Doping in college football?
Daniel O'Boyle | Tuesday, October 13, 2015
To say that this college football season has had a few surprises so far is an understatement.
Major upsets and countless near-upsets have left us without a clear front-runner for the national title and a wide-open playoff hunt. Off-the-field stories at Rutgers and USC have only added to the shocks. But yesterday, we may have seen one of the rarest events imaginable in the sport: a major performance-enhancing drugs suspension.
Will Grier, quarterback for Florida, has been suspended for the remainder of the season after testing positive for a banned substance. He said at a press conference that he unknowingly took the substance in an over-the-counter supplement. It is the first instance of such a suspension for a notable player at a large Division I program. College football’s record with performance enhancing drugs — on the surface — looks pretty great: the numbers of positive tests are incredibly low and mostly at smaller programs away from the national spotlight. Even at the NFL level, numbers of positive tests seem surprisingly low: there’s been no major steroid scandal that can compare to what baseball has dealt with.
But are we to believe that almost everyone except Will Grier is clean? I should point out that I have no definitive proof; I have no inside knowledge that isn’t public. I’m only speculating, but when you look at the facts it’s hard to believe something isn’t going on.
Just compare the costs and the benefits. Football is a huge industry. It’s only a matter of time before we see a college team pass the billion-dollar mark. At the professional level, the Dallas Cowboys are the most valuable sports team in the world, valued at $4 billion, with many other NFL teams close behind. Meanwhile, the money in steroid testing is substantially smaller. The NCAA conducts testing for all of its athletes and simply doesn’t have the resources to compete with a well-organized doping regimen. Lance Armstrong avoided a single positive test in his cycling career thanks to the resources at the USPS team’s disposal, and he was facing the most powerful anti-doping agencies in the world — what could a major program do against the NCAA if they wanted to? The risk of getting caught is almost zero, unless you slip up.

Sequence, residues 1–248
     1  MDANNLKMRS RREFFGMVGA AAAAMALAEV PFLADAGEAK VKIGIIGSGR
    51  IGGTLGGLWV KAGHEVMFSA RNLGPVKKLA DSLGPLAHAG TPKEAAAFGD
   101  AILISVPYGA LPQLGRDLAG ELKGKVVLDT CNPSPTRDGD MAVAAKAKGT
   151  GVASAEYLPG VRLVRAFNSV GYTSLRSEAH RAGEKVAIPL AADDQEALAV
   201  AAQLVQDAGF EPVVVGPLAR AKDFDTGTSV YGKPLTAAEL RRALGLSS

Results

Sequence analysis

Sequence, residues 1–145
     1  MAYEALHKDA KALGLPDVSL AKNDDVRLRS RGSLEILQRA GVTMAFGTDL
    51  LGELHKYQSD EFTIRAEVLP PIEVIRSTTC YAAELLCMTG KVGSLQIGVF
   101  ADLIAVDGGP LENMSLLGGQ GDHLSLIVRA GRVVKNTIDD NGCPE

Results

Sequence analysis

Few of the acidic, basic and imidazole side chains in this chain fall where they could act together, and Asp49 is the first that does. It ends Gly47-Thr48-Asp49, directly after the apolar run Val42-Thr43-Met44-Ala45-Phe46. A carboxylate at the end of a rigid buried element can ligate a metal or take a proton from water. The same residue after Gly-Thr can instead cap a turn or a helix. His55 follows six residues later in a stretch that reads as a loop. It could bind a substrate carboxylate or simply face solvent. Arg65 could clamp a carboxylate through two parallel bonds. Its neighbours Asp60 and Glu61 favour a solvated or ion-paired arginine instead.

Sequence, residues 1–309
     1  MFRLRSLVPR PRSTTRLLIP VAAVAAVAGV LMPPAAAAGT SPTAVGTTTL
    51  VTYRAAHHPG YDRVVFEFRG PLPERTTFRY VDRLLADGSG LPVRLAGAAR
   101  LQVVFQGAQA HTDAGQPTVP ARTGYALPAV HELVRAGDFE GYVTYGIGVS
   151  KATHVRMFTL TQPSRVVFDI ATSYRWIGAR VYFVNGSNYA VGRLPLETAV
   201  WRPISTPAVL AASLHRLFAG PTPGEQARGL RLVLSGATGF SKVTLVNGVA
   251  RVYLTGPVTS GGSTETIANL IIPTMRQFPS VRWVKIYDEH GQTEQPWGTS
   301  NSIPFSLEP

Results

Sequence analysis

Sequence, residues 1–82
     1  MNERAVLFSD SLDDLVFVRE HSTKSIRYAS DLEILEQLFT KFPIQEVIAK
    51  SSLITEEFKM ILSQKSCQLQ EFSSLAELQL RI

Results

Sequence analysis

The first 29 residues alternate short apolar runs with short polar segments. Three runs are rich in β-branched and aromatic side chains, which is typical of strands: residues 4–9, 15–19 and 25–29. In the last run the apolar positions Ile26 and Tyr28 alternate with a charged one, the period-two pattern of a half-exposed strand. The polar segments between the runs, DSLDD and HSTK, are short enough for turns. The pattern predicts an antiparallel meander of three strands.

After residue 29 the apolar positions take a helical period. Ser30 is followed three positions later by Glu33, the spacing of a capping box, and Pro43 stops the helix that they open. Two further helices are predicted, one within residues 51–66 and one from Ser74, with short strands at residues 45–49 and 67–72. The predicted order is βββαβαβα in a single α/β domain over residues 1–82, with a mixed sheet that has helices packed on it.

And then there’s the benefits. At the college level alone, maybe there’s not much to gain other than personal glory, but every player wants a shot at the NFL. A league where a single workout session — a bench-press, 40-yard dash and some quick drills — could turn you from a nobody to a millionaire. It seems odd that baseball, a sport where athleticism is a much smaller part of the game, could have such a large scandal, while a sport involving super-human athletes like football has had only scattered cases.
If football players aren’t doping, any economist could tell you it would be rational to start. In cycling, most dopers weren’t doing it for the glory of winning a Grand Tour like Armstrong; they just wanted to remain part of the peloton. It’s easy to see the comparison when there’s one multi-billion dollar professional football league, and very limited options beneath. Taking that risk to get an NFL contract someday is more likely to change an athlete’s life for the better than for worse.
If you need actual reports of doping cases, they’re out there. Former BYU player Jason Scukanec claimed in 2005 that doping is widespread at DI programs, but he had no evidence and nothing was done. When Tommy Chaikin wrote about the use of PEDs at South Carolina in the 1980s for Sports Illustrated, coaches were jailed, but the NCAA did not issue any sanctions. An Associated Press investigation noted that the system is perfectly designed to allow dopers to get away with it, and provided evidence of players putting on suspicious amounts of weight with ease.
So what can be done? Is it realistic for the NCAA to be able to investigate steroid use well enough to actually compete with major programs? Probably not. Some suggest that repealing substance bans would lead to more entertaining contests and less cheating, but the health risks are obvious. Others are aware of what may go on, but happy to turn a blind eye. There isn’t an easy answer. We may need more major player accounts on the matter, and perhaps one day steroid use can be fully looked into. Until then, the best we can do is accept that Grier may not be alone, and there may be more than a few organized steroid programs in college sports.
The views expressed in this column are those of the author and not necessarily those of The Observer.